"Only common things happen when common sense prevails."
Schematic and Design Development
The initial architectural program is the result of meetings, site visits, visits to your current residence, questionnaires and input and discussion between architect and owners. There are prescribed
must-have requirements such as number of bedrooms, baths, special considerations for work spaces, private spaces and public spaces. The program is agreed upon and the schematic design process commences with proposals of orientation of the main volume of the residence along with initial thoughts on the allocation of space within specific rooms. The design process from raw concept to initial vision to detail is critical to defining the ultimate experience as a homeowner and family will have living in the architecture. No matter how good the built quality of the space, the design is the critical element in getting all aspects of proportion, scale, connection to make it a memorable place to inhabit that is both beautiful, functional, flexible and sustainable over time.
The first concept for our project came across in a hand-drawn sketch by the principal architect Tom Kundig. It included a rough schematic floor plan based on the program and an elevation view showing off the relation to the site and volume of the space. The analog nature of it was quite emotional and inspired a lot of excitement for the raw potential of the architecture. The human connection to the lines and artistry of the concept sketch focused on the bigger picture, the potential of the project. Concept to schematic design sharpens the hand drawn line to the almost too perfect digital rendering in the schematic phase. The sketch is the heart and in fact we proudly display the original first sketch of Maxon House framed up as a reminder of the original vision and sticking to it as close as possible throughout the journey. Ultimately you invest deeply both financially and emotionally in the design process. The details are things that make the experience of the space memorable and the focus on keeping design programs simple but playing up critical details that you interact with and come into contact with everyday makes the outcome of the design process special. Back to the experience, the details make the design. In this manner the architect is sculpting the space as almost an industrial designed object at human scale and not loosing that connection is the thing everyone on the project team has to fight for when up against budget, time, quality throughout the project phases. You live in the design ultimately and no matter the built quality the design is the experience. Stay close to the vision. Make decisions throughout the process with the lens of how this protects the vision.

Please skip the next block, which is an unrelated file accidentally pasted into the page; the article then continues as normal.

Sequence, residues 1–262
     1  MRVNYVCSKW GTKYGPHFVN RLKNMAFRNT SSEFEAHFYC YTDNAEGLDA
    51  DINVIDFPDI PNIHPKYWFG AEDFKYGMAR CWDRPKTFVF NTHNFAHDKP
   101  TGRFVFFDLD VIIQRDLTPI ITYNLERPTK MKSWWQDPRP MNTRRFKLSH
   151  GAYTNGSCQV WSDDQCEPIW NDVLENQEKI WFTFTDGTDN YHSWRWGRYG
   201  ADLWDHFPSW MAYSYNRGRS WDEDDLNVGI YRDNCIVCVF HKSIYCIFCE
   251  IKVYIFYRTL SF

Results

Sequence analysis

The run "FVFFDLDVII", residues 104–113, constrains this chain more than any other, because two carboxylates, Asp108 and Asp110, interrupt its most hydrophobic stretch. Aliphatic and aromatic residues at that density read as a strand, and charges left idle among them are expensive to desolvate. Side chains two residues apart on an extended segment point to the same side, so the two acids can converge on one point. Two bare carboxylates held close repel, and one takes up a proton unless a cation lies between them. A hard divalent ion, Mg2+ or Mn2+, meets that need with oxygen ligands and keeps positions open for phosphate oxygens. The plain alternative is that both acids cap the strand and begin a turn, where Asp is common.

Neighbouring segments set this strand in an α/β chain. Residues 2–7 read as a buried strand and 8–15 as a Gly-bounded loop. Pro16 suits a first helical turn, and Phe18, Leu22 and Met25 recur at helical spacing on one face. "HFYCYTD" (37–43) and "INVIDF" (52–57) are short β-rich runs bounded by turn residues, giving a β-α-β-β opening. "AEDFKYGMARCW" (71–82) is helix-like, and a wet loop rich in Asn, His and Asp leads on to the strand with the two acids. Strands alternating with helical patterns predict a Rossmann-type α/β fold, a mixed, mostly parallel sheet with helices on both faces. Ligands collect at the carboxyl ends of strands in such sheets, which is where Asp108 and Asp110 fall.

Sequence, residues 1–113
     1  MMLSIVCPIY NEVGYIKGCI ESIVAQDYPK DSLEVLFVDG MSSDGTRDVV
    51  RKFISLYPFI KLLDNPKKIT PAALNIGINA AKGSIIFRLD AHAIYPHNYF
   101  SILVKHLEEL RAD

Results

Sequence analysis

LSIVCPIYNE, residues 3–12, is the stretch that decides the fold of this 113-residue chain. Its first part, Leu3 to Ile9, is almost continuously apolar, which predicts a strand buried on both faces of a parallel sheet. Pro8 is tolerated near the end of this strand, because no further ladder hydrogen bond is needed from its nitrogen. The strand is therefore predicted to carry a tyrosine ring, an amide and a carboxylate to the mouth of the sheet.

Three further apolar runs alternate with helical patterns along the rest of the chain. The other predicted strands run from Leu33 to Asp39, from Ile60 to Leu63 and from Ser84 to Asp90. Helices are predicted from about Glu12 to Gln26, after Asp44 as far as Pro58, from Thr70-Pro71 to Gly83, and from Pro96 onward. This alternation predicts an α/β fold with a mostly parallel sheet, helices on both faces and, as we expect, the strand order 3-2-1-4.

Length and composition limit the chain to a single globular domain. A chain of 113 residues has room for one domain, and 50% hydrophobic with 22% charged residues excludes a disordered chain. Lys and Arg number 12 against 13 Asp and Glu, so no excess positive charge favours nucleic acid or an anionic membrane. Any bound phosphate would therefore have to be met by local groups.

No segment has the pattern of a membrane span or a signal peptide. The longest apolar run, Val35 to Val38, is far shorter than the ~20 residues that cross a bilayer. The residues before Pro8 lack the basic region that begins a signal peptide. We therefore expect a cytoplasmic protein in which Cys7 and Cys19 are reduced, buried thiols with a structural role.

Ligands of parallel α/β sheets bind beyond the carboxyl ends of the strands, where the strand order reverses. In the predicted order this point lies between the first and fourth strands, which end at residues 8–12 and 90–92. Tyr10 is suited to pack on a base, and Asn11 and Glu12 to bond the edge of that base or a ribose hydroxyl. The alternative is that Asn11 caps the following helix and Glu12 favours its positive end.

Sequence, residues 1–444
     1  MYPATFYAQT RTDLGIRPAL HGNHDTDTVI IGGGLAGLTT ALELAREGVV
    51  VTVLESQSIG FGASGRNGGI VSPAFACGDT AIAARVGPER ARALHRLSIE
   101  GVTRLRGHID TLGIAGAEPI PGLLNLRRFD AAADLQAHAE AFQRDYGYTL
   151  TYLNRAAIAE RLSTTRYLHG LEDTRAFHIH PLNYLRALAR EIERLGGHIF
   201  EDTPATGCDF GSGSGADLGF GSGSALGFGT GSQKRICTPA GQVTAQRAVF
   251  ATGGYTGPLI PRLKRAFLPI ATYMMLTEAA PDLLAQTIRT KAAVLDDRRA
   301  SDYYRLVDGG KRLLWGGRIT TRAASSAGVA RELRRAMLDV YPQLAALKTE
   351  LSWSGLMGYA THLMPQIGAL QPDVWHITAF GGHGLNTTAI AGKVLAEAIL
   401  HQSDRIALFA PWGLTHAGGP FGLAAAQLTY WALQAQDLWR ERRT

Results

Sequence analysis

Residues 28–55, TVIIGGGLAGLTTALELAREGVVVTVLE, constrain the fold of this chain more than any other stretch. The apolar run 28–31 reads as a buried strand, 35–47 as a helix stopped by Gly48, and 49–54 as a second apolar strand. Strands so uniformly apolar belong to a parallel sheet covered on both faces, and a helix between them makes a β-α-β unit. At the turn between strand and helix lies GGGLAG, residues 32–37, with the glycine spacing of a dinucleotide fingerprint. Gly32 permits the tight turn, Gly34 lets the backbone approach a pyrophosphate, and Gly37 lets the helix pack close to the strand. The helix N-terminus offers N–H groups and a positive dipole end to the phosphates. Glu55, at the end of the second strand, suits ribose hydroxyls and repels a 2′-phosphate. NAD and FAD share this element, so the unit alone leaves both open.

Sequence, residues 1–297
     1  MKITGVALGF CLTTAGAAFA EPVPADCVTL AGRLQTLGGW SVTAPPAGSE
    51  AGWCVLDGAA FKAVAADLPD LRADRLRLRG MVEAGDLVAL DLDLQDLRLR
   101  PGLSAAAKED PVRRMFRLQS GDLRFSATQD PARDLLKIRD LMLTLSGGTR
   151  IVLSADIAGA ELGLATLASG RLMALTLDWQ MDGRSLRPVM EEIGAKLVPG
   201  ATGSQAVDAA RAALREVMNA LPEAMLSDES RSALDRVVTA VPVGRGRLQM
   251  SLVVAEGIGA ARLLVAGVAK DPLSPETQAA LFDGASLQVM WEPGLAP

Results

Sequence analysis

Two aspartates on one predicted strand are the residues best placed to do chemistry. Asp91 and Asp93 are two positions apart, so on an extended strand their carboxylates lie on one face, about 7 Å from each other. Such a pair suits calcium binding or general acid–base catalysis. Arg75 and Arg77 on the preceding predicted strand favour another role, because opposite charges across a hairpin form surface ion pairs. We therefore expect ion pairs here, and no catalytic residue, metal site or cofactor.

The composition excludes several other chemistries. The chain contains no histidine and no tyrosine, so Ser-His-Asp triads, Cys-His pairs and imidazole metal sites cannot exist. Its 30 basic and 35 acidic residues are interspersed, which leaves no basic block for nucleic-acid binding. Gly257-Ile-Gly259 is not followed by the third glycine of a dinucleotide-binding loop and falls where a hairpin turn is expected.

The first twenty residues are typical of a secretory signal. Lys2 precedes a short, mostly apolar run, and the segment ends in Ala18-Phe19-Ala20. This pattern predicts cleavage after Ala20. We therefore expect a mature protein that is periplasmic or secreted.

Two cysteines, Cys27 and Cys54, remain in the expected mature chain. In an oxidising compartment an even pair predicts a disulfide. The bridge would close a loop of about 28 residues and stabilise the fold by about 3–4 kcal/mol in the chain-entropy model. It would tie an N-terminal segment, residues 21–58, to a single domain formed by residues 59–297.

“The details are not the details; they make the product." - Charles and Ray Eames -- There are a lot of things you'll end up spending a lot of money on that nobody will ever see or appreciate. But every detail does matter from the concrete form work to the door handles to the texture of materials and the little moments you encounter daily within the space that is designed for you. Anything visible is fair game for discussion and the role it plays and how you come into contact everyday with those details often shapes the experience and level of satisfaction you have with the space. Editing down materials and keeping volumes of the building form simple to put emphasis into the things that touch and move was a a critical strategy for our architecture team and a focal point for the firm. From a beautifully crafted drawer pull to a 1200 pound pivot steel front door, these are the interactions and details that bring joy every single day. The details are embedded within the grander vision and make it special. Hold onto the details. Sink your time, attention and dollars into the connections with the craftspeople that bring these to life and learn and appreciate the stories behind the details. This is what delivers the joy. Many of these things will end up costing a lot more than you can imagine but what you will remember over time is not the cost but the experience and the stories. Mind the details. They pay off in the long run.
Just as the details are critical to the experience of living in the architecture the sense of play and fun whether through color selection, a kinetic moving element or a big "move" architecturally can add to the act of living in the space. It is easy to get lost in the money and stress of the process and forget to enjoy the act of design and building. "Only common things happen when common sense prevails" is a quote that leads off Tom Kundig's first book Houses and it was a way to play with some risks and unorthodox moves architecturally in our project. Things that had never been tried and adding twists to some concepts to make those spaces extra memorable and full of wonder would only happen if everyone at the table was willing to go on a bit of a ride together. The result isn't known, the outcome can be a bit cloudy but the potential of the sum of parts when you have the right team and great ideas can be beyond amazing. Make room for play.